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Updated Health Charter 2017 - Tackling health inequalities for people with learning disabilities

Published: 31/10/17

Public Health England and VODG (the Voluntary Organisations Disability Group), have launched the updated Health Charter for social care providers who support people with a learning disability. The Charter was developed with people with learning disabilities and their families to support providers to improve the overall health and wellbeing of people with learning disabilities.

Updated Health Charter 2017 - Tackling health inequalities for people with learning disabilities

People with learning disabilities have worse health that the general population. The Confidential Inquiry into Premature Deaths of People with Learning Disabilities found on average men die 13 years earlier and women 20 years earlier that the general population. 42% of the deaths considered were premature.

Much can be done by social care providers, working together with people with learning disabilities, family carers and their health colleagues to improve the situation. Differences in health status are to an extent avoidable, and as such represent health inequalities.

In response VODG, National Development Team for Inclusion (NDTI) and sector stakeholders developed the health charter to support providers to improve the wellbeing of people with learning disabilities with the aim of reducing inequalities in health and social care.

The health charter provides key principles and guidance to improve the health and well-being of people with learning disabilities, and therefore improve people’s quality of life. It is aimed at adult social care providers and staff, who have an important role in helping people access good healthcare and lead a healthy lifestyle.

Viv Bennett, Chief Nurse at Public Health England, said:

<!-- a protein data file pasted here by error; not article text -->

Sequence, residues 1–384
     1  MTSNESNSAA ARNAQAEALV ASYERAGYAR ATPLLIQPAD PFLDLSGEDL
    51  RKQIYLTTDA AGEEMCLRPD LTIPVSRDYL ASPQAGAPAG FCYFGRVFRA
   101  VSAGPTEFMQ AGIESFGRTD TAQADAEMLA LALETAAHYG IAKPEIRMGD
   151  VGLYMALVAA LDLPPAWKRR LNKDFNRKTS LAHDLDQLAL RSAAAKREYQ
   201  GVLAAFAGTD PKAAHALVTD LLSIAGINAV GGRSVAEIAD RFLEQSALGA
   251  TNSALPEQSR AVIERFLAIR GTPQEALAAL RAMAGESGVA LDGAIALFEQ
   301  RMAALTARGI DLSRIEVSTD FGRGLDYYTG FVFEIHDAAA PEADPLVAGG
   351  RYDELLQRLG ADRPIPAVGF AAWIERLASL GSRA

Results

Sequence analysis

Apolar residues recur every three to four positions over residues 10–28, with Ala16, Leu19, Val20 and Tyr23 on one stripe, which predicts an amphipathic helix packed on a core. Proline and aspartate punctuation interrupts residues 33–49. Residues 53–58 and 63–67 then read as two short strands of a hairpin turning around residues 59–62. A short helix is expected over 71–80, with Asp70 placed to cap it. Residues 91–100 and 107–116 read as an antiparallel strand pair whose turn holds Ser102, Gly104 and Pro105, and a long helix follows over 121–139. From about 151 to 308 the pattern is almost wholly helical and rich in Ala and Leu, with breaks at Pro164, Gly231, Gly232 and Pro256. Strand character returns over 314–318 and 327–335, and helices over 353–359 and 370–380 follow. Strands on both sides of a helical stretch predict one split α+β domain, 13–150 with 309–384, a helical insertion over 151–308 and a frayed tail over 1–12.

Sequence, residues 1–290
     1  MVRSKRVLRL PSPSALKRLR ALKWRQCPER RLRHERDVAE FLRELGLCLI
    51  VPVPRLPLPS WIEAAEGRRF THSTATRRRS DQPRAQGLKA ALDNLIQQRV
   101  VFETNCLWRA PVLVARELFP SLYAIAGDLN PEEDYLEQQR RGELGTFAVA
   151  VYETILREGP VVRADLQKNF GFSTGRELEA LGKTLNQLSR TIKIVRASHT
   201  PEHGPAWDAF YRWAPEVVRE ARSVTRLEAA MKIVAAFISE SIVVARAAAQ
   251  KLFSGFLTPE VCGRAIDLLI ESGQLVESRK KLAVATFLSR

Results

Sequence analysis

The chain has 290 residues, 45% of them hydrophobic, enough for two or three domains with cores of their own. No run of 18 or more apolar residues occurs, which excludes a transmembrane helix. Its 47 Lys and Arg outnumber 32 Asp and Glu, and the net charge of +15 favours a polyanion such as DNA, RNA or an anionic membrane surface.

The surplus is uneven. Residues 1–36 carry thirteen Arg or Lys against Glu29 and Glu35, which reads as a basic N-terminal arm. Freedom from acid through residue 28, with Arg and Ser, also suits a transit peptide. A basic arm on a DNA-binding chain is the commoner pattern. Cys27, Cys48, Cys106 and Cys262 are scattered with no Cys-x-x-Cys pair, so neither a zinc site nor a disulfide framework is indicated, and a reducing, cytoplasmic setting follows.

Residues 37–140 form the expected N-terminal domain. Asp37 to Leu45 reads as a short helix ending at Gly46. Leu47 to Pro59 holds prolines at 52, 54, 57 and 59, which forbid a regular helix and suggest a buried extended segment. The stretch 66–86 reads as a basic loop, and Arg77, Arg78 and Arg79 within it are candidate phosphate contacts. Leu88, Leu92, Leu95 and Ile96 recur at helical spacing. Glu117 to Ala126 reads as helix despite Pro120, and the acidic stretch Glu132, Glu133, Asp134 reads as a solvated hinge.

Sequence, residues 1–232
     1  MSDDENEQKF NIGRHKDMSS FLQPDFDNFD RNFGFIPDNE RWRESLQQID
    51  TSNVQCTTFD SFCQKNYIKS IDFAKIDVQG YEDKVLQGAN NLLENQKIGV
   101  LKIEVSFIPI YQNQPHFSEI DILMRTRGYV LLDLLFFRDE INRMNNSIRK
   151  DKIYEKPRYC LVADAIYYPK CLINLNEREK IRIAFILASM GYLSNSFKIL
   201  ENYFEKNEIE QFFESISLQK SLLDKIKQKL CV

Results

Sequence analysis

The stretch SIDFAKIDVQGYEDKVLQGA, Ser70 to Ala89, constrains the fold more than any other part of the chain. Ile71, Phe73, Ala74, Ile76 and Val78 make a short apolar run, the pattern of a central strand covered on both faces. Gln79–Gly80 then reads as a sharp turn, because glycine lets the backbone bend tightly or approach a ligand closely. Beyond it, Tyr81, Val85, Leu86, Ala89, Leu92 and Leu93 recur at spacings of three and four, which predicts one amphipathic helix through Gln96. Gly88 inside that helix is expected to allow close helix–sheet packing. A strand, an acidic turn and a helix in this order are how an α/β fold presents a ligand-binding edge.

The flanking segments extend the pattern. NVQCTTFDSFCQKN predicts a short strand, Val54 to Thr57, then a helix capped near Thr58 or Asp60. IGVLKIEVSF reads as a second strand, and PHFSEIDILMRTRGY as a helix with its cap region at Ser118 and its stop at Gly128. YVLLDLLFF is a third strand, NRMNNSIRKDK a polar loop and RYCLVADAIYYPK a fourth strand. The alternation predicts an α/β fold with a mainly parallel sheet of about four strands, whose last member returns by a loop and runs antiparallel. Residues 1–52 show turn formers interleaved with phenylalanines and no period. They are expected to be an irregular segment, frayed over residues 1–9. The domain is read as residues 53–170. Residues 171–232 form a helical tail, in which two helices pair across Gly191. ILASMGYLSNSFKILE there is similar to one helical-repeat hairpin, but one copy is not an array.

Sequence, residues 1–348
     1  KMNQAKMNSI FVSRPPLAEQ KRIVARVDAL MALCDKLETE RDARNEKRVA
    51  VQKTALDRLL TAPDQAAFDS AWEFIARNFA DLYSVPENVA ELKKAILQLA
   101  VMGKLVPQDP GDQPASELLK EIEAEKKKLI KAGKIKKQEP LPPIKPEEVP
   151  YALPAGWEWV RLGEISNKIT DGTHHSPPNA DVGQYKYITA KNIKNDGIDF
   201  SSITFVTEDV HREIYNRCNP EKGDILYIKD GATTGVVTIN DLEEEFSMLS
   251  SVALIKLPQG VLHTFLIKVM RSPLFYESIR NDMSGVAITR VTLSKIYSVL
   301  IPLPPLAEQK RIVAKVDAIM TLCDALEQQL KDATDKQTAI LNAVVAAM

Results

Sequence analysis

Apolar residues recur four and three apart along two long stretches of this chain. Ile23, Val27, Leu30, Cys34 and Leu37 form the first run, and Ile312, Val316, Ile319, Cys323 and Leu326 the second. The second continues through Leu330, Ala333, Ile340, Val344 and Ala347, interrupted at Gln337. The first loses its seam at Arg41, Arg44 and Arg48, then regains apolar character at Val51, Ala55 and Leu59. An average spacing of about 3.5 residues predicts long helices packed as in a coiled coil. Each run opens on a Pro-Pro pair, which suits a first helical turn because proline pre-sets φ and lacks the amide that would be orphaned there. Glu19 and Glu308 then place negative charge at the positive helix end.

“The Social Health Charter has been developed for adult social care providers and staff who have an important role in helping people access good healthcare and lead a healthy lifestyle. It is intended to raise awareness  of the health inequalities that exist for people with a learning disability and act as a tool to enable staff to improve support given to enable people to embed  healthy lifestyle. The Charter supports staff  to increase access to and uptake of healthchecks and screening programmes. By getting even more organisations signed up to the Charter, we have the chance to reduce the health and wellbeing gap for people with a learning disability and thereby reduce the number of  avoidable early deaths.”

Social care providers can sign up to the Health Charter on the VODG website: https://www.vodg.org.uk/campaigns/learning-disability-providers-challenged-to-tackle-health-inequalities/ , over 140 providers are already signed up.

This updated version of the Charter includes information on Stopping Overmedication of People with Learning Disabilities (STOMP) https://www.england.nhs.uk/learning-disabilities/stomp/. 

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